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I'm trying to get this accurate timer working on VS2008, on Windows XP (and eventually Server 2008) from the following example:

http://technology.chtsai.org/w98timer/

However I get the following errors:

  • error LNK2019: unresolved external symbol _imp_timeEndPeriod@4
  • error LNK2019: unresolved external symbol _imp_timeGetTime@0
  • error LNK2019: unresolved external symbol _imp_timeBeginPeriod@4
  • error LNK2019: unresolved external symbol _imp_timeGetDevCaps@8

Could anybody please advise?

I just want a simple, accurate, millisecond-timing example for C++ on Windows.

#include <stdio.h>
#include <windows.h>
#include <mmsystem.h>
#include "stdafx.h"

void 
main (void)
{
  TIMECAPS resolution;
  DWORD start, finish, duration, i;

  if (timeGetDevCaps (&resolution, sizeof (TIMECAPS)) == TIMERR_NOERROR)
    {
      printf ("Minimum supported resolution = %d\n", resolution.wPeriodMin);
      printf ("Maximum supported resolution = %d\n", resolution.wPeriodMax);
    }

  if (resolution.wPeriodMin <= 1)
    {
      if (timeBeginPeriod (1) == TIMERR_NOERROR)
    {
      for (i = 100; i <= 120; i++)
        {
          start = timeGetTime ();
          while (timeGetTime () < (start + i));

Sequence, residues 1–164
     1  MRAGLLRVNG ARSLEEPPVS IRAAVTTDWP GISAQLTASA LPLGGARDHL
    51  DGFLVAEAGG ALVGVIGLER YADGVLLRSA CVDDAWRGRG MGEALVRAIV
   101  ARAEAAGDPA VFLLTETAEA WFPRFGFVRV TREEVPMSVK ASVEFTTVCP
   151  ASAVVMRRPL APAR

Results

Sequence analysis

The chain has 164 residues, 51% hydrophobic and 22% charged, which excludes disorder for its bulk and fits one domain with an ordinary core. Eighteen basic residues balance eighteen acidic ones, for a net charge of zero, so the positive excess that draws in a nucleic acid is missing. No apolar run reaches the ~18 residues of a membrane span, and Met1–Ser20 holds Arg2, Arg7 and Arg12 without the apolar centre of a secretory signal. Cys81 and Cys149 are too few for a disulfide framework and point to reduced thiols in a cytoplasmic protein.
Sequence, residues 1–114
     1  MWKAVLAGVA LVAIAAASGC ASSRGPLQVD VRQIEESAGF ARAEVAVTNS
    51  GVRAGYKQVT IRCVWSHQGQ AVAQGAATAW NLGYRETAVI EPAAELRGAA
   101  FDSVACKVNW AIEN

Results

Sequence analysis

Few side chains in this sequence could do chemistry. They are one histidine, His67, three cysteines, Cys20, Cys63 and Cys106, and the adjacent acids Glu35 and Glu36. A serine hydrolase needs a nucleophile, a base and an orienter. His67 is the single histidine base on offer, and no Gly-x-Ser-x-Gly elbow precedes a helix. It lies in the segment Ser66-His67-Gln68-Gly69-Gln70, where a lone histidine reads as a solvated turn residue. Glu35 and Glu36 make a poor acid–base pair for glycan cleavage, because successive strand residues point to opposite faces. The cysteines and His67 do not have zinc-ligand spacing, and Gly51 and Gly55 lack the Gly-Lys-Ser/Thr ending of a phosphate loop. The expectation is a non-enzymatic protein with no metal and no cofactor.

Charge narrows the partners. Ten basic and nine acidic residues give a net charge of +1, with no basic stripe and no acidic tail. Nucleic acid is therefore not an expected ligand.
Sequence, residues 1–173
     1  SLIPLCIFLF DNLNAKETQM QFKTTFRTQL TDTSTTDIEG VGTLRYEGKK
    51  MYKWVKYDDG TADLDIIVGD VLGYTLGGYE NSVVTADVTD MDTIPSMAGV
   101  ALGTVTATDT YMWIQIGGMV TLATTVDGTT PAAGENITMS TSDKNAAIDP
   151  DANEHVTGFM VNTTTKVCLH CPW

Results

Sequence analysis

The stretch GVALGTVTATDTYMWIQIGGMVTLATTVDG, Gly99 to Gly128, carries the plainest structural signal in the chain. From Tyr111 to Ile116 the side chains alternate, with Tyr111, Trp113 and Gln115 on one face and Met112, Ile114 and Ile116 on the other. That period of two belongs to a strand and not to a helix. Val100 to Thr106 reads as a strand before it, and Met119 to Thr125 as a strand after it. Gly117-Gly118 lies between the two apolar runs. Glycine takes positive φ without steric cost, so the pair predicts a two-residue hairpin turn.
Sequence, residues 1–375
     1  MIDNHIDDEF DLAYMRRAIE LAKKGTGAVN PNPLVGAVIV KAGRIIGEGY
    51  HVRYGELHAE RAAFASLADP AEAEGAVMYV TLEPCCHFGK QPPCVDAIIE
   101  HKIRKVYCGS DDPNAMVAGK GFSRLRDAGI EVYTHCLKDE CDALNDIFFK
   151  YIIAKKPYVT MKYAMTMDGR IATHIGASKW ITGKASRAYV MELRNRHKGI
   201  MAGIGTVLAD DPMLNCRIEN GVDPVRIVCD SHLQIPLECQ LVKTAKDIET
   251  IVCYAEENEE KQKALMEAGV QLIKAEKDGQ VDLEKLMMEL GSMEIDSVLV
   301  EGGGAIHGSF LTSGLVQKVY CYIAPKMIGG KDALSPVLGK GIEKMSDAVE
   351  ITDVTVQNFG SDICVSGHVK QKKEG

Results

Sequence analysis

finish = timeGetTime ();
          duration = finish - start;
          printf ("expected:%d  actual:%ld\n", i, duration);
        }
      timeEndPeriod (1);
    }
    }
}
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4 Answers 4

up vote 1 down vote accepted

As MSDN suggests you need to include winmm.lib into the project. So add the following line anywhere into your source code:

#pragma comment(lib, "winmm.lib")
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Looking at the docs it looks like you need to add Winmm.lib to the additional libraries to link in your project properties.

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You need to add winmm.lib to your linker dependencies.

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These functions are defined in winmm.dll. You need to add winmm.lib to your link list.

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